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Arizona Sues Federal Government for Halting Wall Construction

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The Attorney General of the State of Arizona, Mark Brnovich, sued the U.S. Government for halting construction of the border wall with Mexico and ending the “Remain in Mexico” program, it was reported on Monday.

Arizona asked a federal court to annul these decisions of the Department of Homeland Security (DHS) since, it assures, it violates the National Environmental Policy Act (NEPA).

“It is the pinnacle of hypocrisy for the Biden administration to claim they want to protect our environment, without enforcing federal laws that are specifically designed for this purpose,” Brnovich said in a press release.

The prosecutor argues that DHS failed to provide environmental impact statements when it abruptly halted construction of the border wall, former president Donald Trump’s signature project.

This void allows migrants into the country by ending the Migrant Protection Protocol (MPP) program, also known as “Remain in Mexico.”

Arizona argues that these decisions increase the migratory flow and therefore increase the population, stating in the lawsuit that “population growth has significant environmental impacts.”

In one of his first official actions on January 20, the president ordered a temporary halt to the construction of the border wall with Mexico.

This, according to Brnovich, has left unplanned gaps between segments of the border fence, thus encouraging illegal migration.

As a direct consequence of these “gaps” in infrastructure, migrants have been crossing into Arizona in greater numbers.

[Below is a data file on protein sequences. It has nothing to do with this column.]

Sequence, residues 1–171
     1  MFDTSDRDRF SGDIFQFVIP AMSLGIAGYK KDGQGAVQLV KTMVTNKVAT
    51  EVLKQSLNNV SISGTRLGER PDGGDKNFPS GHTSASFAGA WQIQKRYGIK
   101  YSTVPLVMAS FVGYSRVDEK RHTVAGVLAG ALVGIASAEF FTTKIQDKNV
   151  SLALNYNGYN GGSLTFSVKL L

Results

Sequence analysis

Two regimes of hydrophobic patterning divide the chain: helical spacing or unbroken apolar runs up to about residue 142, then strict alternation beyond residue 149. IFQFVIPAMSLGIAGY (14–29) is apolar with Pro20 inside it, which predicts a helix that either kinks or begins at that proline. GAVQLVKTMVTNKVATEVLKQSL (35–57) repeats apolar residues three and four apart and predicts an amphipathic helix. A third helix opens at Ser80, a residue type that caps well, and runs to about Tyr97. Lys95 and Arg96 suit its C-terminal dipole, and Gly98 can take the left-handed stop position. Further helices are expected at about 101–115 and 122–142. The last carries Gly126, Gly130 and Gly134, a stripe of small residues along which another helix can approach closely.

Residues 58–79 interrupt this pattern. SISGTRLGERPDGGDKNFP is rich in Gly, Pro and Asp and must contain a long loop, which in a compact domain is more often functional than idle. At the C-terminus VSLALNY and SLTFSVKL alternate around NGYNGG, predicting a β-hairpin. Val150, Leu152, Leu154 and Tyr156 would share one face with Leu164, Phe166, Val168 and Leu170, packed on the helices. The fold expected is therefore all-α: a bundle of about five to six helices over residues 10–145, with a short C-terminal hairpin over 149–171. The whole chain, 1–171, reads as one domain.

The Arizona Attorney General’s Office highlighted that sources indicate that approximately 1,000 people evade immigration authorities and enter the United States daily because of these gaps in the border fence.

“Inevitably, many of these migrants settle in Arizona, increasing the state’s population. Despite these predictable results, DHS at no time conducted any analysis of environmental impacts,” Brnovich said.

Arizona argues that since Biden ordered DHS to end the MPP last February, thousands of migrants have been allowed to enter the country and, it says, will remain even if their asylum claims are denied.

Arizona believes that the current administration has not taken into account the housing, infrastructure, hospitals and schools needs of these migrants and the impact it will have on the environment.

The state asked the court to suspend these measures until DHS complies with this environmental analysis.

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